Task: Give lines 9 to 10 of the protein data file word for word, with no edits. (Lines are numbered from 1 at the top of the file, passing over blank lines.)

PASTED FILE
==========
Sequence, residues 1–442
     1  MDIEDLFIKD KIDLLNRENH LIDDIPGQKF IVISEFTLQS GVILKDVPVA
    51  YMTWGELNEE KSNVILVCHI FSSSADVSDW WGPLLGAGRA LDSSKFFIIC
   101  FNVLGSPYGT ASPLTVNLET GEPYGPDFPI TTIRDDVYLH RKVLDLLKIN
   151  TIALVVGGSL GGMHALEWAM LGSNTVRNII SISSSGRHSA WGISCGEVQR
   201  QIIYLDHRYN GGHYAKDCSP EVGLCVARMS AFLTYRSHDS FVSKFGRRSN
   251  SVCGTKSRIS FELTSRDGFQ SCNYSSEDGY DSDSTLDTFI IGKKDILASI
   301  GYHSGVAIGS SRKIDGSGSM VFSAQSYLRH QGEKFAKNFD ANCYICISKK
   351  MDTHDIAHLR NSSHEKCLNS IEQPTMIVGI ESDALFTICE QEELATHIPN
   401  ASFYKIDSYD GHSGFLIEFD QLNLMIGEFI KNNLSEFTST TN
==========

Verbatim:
   351  MDTHDIAHLR NSSHEKCLNS IEQPTMIVGI ESDALFTICE QEELATHIPN
   401  ASFYKIDSYD GHSGFLIEFD QLNLMIGEFI KNNLSEFTST TN